There's One Number Every Hollywood Executive Needs to See This Summer


$44 million.

That's not Johnny Depp's paycheck for Pirates of the Caribbean 5 or the marketing budget of the latest Marvel feature. It's the amount Lucy pulled in at the U.S. box office over its opening weekend. That's right, Lucy, a female-led action film starring Scarlett Johansson, beat out the weekend's anticipated winner Hercules, a male-led action film starring Dwayne "The Rock" Johnson.

If Hollywood execs needed more evidence that female-led films have what it takes to win with audiences, let this be the proof.

Lucy, directed by Luc Besson, stars Johansson as a woman implanted with a drug that unleashes the full power of her brain, making her into some sort of super-human action hero. If that sounds like a bit of a narrative stretch, it is. The film only received a 58% fresh rating on Rotten Tomatoes and likely won't be making any top 10 lists this year. Even so, it managed to squash Hercules (which made $29 million last weekend, for comparison).

So how did Lucy beat a male-centric action film featuring a bonafide star?

Image Credit: Following the Nerd 

Some have pinpointed Lucy's success on its massive marketing campaign and its slick trailer, which emphasizes action elements. And others say Lucy is only a success because of the weak field of summer contenders. After all, even though Hercules stars the Rock, it had a relatively small budget (if you consider $100 million small) and it isn't a sequel or based on a comic book.

But there's one other number that helps explain Lucy’s $15 million dominance over Hercules: 50%. That's the amount of Lucy’s audience that is female.

There remains a belief in Hollywood that women can't drive major box office success, with YA adaptations being the obvious exception. But, when a film like Lucy not only wins the box office but does so over male-centric fare, it should be enough to make the studios stand up and take notice.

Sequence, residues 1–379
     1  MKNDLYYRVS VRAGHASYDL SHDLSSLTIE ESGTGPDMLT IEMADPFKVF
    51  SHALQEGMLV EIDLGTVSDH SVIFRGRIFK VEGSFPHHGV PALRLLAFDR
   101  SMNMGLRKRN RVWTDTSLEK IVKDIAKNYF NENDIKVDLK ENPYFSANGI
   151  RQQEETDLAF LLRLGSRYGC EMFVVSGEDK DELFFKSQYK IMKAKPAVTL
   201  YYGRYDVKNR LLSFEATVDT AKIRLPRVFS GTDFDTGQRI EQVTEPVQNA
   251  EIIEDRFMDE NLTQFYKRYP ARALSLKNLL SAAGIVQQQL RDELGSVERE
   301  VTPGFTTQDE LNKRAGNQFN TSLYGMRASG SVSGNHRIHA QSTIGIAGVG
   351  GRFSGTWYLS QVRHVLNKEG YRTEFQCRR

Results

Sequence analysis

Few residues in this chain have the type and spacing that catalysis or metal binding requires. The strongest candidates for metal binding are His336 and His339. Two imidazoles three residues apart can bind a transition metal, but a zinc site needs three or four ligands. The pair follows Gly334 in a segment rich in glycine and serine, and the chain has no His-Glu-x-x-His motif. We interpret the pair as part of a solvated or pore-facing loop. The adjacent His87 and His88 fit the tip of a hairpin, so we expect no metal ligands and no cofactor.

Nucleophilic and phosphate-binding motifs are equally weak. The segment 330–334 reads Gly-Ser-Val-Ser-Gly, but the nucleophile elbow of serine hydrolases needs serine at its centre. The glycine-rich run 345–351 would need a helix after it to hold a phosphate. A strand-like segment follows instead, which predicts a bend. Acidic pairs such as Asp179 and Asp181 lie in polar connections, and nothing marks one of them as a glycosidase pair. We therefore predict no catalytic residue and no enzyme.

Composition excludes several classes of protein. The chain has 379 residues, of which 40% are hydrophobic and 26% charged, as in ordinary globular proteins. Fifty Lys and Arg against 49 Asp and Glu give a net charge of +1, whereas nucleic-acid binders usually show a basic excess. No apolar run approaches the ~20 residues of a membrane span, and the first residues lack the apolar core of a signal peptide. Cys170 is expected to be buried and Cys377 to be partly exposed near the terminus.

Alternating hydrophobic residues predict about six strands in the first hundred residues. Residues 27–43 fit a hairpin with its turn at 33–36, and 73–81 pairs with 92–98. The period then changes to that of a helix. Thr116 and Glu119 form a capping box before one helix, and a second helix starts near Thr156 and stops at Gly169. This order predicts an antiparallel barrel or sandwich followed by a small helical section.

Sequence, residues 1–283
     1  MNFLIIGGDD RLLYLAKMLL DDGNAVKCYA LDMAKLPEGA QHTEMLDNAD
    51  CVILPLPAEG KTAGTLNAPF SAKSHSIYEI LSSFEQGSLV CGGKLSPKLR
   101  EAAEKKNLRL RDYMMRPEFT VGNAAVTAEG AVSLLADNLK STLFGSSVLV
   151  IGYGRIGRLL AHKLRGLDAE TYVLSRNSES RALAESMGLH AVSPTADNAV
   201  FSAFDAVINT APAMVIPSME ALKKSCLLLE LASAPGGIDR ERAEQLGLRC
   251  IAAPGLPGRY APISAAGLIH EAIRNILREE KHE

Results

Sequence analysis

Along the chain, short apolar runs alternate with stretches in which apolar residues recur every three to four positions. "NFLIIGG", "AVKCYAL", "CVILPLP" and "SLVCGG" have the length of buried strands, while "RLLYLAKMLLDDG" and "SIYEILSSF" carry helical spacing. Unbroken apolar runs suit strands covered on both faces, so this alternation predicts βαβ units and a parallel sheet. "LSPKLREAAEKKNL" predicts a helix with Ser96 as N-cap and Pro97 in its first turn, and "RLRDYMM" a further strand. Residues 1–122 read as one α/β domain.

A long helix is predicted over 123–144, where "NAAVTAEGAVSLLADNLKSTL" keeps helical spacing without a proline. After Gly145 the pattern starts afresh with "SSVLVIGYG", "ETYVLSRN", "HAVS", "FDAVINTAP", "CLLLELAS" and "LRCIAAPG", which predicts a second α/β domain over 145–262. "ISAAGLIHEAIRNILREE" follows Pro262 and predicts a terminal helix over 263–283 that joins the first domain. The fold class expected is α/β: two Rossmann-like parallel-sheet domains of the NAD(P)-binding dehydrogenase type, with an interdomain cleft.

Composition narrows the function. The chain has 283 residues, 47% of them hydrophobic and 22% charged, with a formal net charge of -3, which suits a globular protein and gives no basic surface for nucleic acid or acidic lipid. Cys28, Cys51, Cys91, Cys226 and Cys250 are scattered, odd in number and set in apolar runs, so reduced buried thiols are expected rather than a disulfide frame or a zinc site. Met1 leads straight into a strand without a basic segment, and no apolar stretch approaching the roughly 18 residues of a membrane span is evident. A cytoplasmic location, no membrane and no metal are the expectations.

What's more, 50% of Lucy’s audience were men. And it's hard to believe that all of those men were dragged there by women. This flies in the face of time-tested Hollywood logic that men don't want to see films with women in the lead.

With these sorts of numbers, the future of women in film should look bright. After all, along with Lucy, this has been the summer of Maleficent, and the success of The Heat last summer opened the door for films like Tammy.

And yet Hollywood is still not getting the message. Look to the Mecca of blockbuster film, San Diego Comic Con, for proof. Hollywood studios have scheduled most of their major blockbusters for the next few years, from The Avengers 2 to The Justice League. What is conspicuously absent is a female-led franchise that doesn't star Katniss Everdeen. There will be no solo Wonder Woman film, Black Widow is still just a supporting character and a Mystique film seems to be a pipe dream.

"The best female roles are in television at the moment. Katniss Everdeen — as popular as she is — is an anomaly," Game of Thrones' Natalie Dormer told the panel on Kickass Women at Nerd HQ. And she's right. In film, women are not seen as viable leads that can support box office success.

Hollywood execs continue to ignore the fact that films featuring female characters continually perform better than those that don't. And yet, women buy more than half of the movie tickets sold in the United States, so it should come as no surprise that when women are given the chance to lead a film, those films do pretty well.

Let Lucy serve as the example to Hollywood that women-centric fare is just as financially viable, if not more so, than what they're currently churning out.